Craving for chickenjoy

I am writing this blog from the Novotel Hotel in the mountains of Chiang Mai, Northern Thailand. It is a rainy day here, and last week, I was informed that heavy rains caused major flash floods that inundated the area where the night market is so there is not much activity there (hint, hint for friends and family who expect pasalubong). Chiang Mai probably gets as many tourists as the whole Philippines does in a year – that is how popular it is. The plane that I took from Bangkok to Chiang Mai was one of more than 10 flights a day, and it wasn’t a small plane – it was a 747 – a huge bird!

Anyway, what is so special about this place? Many people liken it to Baguio City, which is a major insult - to Baguio City. What nonsense – Baguio is ten times more beautiful than Chiang Mai. There are no pine trees here, and it is not even half as cold and mysterious as our mist-filled City of Pines. But it sure has a lot of tourist attractions – from elephant farms, to orchid and butterfly farms, to monkey and snake farms, to temples galores. In other words, they have the facilities. And yes, the hotels and malls and restaurants are world class. I liken it to the ambience of Iloilo City and the vast spaces of Davao City complimented by the facilities of Cebu City. Put all three together, and you have Chiang Mai.

What is amazing about Thailand actually is the professional way they treat tourists. To them, tourism is a legitimate business, not a personal accomodation. In the Philippines, we sort of do our cloying and personalized way of being hospital that almost borders on the ridiculous; as if our warmth as a people can make up for the fact that our public toilets stink to high heavens and some of our less honorable brethren rob tourists blind.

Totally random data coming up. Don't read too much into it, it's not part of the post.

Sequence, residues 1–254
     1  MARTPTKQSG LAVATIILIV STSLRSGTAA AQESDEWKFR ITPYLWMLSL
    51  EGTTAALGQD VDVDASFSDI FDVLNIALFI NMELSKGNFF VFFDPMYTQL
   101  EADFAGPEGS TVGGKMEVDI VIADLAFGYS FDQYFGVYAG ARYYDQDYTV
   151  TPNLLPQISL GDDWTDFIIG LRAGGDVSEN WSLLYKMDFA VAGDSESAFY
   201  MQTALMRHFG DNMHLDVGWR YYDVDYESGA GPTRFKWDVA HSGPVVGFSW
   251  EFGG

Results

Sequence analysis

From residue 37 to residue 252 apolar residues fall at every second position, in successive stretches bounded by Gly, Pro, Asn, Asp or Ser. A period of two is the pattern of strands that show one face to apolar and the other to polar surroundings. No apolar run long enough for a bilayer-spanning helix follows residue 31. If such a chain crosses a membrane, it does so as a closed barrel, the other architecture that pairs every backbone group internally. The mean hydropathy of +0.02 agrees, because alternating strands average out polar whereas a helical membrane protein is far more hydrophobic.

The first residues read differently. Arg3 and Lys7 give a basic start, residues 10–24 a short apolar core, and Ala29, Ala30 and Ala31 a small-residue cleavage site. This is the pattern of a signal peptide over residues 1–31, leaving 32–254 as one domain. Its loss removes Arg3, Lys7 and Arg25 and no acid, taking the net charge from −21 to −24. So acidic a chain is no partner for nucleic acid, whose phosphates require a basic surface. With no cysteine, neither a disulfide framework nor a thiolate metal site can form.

But please, before you dash off that angry denunciation of my Pinoy bashing, let me hasten to add that I do not think that our shortcomings are reflective of our weaknesses as a people. On the contrary, I think that these are clear indicators of our inherent creativity and innovativeness. If only our leaders are not corrupt and if only…well, you know the drill.

Anyway, what I really wanted to write about is how you can take the Filipino out of the country but not take the country out of a Filipino. (And yes, this includes our penchant for collective self-mutilation. No one is more critical of the Pinoy than the Pinoy himself).

I have been here two days – and boy, do I have an intensity 10 craving for chicken joy. Sure, I like exotic food and herbs and all that – but the one food that you can’t find here is chickenjoy. I do not mean the Chickenjoy exactly, I mean greasy, satiating, sensory-filling food.
I went to a KFC outlet yesterday expecting a familiar taste. No cigar. Their friend chicken taste like fried tinolang manok soaked in curry – I guess there is no such thing as a global recipe. They do tweak the recipe to suit local taste. This reminds me of how Macdo’s and Wendy’s spaghetti in the Philippines are so sweet (yes, I am aware that Macdo only serves spaghetti in the Philippines).

The fruits here metaphorically (and obviously literally) grow on trees. Fruits are ridiculously cheap – no wonder they are standard offerings to Buddhist altars everywhere. For example, a kilo of rambutan costs 10 baht (about 15 pesos in the Philippines), a kilo of mangosteen costs around 15baht. Lanzones, longans, oranges, and dragon fruits are common fruits here. And wonder of wonders, lanzones here does not come with ants, which is not to say that they are not sweet.

However, the pineapples, papayas, and melons here taste bland. Nothing like the stuff we have in the Philippines. I took a bite of a pineapple yesterday and immediately had a major craving for Ormoc queen pineapples – those small orange pineapples that taste heavenly.

Anyway. Am only here for a few days. So I guess I have to bear with a few more curry-dipped chicken before I can sink my teeth into those juicy, crispy, salty, greasy chickenjoys!


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